British retailing suffered its own version of Black Wednesday on November 26 with two high-profile retailers – Woolworths and MFI – going bust. Unfortunately, it’s a portend of things to come.
During the late nineties many analysts were predicting devastation on the British high street due to the arrival of internet retailing. It would lure shoppers off the streets and into cyberspace, they argued, leaving much of the former to gradually wither away and die.
They were wrong, at least back then. Somehow retail therapy over the Internet isn’t quite the same as physically visiting shops and having the instant gratification of acquiring goods on the spot. However, in the end nothing quite has the kiss of death on retailing like a good old fashioned recession.
Unfortunately, this particular recession may well not be of the usual variety. Indeed, terms like “retail therapy” could become an echo of a bygone era.
Simply, put the British shopper is exhausted after having maxed out on credit to an unprecedented extent for nearly a decade. The great deleveraging is now in full swing. Banks want to reduce their exposure to consumers and they in turn will now be forced to repay debt. Recession, plummeting house prices and unemployment will also sober consumers up and turn them into savers.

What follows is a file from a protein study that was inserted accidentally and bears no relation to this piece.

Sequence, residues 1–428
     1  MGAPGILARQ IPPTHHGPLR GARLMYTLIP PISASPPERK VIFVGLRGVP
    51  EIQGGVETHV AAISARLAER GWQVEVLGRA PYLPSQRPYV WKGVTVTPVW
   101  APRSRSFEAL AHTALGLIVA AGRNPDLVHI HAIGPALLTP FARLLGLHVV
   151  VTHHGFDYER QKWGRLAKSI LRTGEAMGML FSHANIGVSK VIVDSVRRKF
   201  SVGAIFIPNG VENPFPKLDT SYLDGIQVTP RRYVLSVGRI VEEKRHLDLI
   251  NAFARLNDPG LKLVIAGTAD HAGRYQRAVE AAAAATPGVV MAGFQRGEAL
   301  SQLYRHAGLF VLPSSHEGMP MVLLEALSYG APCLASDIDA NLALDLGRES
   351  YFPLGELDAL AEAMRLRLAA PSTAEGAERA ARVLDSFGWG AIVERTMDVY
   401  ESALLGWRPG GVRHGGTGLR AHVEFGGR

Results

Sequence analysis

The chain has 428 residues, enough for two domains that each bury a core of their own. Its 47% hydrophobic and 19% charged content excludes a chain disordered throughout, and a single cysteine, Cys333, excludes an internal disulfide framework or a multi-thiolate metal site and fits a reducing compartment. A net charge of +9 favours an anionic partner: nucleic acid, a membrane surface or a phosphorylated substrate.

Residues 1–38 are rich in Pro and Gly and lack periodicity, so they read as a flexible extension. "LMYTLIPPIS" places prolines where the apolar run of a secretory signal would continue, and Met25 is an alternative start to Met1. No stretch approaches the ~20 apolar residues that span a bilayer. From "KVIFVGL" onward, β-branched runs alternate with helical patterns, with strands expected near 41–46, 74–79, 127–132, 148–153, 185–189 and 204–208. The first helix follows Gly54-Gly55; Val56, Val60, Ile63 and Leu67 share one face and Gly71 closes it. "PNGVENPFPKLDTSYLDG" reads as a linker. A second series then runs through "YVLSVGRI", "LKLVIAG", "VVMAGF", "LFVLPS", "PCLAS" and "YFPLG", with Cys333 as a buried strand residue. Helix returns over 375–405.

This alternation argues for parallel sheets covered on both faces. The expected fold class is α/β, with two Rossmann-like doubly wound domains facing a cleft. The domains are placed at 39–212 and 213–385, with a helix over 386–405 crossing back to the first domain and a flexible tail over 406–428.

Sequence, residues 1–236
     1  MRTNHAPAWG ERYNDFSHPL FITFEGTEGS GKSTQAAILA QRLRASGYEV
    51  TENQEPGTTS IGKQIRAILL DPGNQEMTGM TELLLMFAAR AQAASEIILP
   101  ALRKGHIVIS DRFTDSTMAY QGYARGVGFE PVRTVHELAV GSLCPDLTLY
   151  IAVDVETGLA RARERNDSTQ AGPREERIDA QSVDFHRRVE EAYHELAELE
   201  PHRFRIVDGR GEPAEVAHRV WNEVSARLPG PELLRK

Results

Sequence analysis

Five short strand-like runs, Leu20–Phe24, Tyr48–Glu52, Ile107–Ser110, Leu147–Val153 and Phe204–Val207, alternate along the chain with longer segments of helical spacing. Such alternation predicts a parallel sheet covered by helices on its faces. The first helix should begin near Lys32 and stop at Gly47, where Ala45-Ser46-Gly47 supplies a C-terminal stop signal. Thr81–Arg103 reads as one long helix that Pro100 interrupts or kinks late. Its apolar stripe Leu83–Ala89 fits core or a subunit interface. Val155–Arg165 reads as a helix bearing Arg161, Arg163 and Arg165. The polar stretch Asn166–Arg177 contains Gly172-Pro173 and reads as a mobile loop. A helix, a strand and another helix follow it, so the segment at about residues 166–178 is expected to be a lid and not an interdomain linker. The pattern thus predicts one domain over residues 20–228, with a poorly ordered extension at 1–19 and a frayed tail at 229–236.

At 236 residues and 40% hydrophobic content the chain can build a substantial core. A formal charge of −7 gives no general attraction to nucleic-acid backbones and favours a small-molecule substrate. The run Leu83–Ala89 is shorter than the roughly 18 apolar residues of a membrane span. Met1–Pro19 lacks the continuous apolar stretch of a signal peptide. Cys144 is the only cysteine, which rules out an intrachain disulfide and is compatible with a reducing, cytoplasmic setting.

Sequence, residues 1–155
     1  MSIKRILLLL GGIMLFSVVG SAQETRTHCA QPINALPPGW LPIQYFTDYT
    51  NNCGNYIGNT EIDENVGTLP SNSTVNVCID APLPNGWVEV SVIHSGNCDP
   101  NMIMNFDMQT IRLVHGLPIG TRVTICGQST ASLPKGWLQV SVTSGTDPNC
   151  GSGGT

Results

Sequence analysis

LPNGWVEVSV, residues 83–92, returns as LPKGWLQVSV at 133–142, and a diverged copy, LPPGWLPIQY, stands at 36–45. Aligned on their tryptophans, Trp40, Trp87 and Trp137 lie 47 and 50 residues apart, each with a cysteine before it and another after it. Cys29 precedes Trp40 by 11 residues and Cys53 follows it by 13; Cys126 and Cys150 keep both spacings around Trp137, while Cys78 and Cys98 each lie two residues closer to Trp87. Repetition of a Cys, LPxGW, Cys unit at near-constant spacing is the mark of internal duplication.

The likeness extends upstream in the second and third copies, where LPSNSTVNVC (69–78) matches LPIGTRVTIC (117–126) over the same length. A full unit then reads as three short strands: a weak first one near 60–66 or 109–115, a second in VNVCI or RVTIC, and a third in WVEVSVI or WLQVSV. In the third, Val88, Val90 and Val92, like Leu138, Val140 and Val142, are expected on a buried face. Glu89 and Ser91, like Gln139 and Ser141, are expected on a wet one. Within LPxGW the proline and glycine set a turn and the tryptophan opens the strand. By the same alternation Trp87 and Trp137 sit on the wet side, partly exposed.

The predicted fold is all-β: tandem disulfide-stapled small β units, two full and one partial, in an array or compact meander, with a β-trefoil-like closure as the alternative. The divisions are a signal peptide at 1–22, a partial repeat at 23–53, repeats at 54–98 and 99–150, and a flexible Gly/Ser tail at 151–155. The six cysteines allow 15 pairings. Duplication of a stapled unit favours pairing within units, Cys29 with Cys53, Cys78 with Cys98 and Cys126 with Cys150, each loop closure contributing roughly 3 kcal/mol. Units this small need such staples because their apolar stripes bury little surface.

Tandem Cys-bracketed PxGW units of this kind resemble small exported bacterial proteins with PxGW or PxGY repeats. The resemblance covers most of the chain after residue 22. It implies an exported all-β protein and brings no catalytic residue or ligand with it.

And when they do spend they’ll want a bargain. This is likely to drive many towards the Internet to visit price comparison search engines. Many Internet retailers operate on a basis of only ordering from suppliers once they have a sale. Overall their whole cost structures are, anyway, much lower and more adaptable. They will easily undercut most of their bricks and mortar peers on a range of categories. And this will be a factor high street retailers will have to cope with, unlike during previous recessions.
And by 2010-11, the government will be sucking money back out of the economy as it too will need to deleverage. Its fiscal stimulus, if the bank bail-outs are included, has been nothing short of spectacular. The price could be huge tax rises that may be heavily loaded onto consumption taxes.
For the young generation thrift will be a new experience and for high street retailers it will be a challenge. Retailing could well struggle even into an economic recovery if a mentality of “save now and buy later” permanently replaces one of “buy now pay later.”
The number of retailers is set to shrink considerably over the next two to three years. Stronger well positioned brand names are likely to survive. But, consolidation seems inevitable and will force shop keepers to become more innovative in attracting those fewer available pounds.
By Justin Pugsley, of Thomson Merger News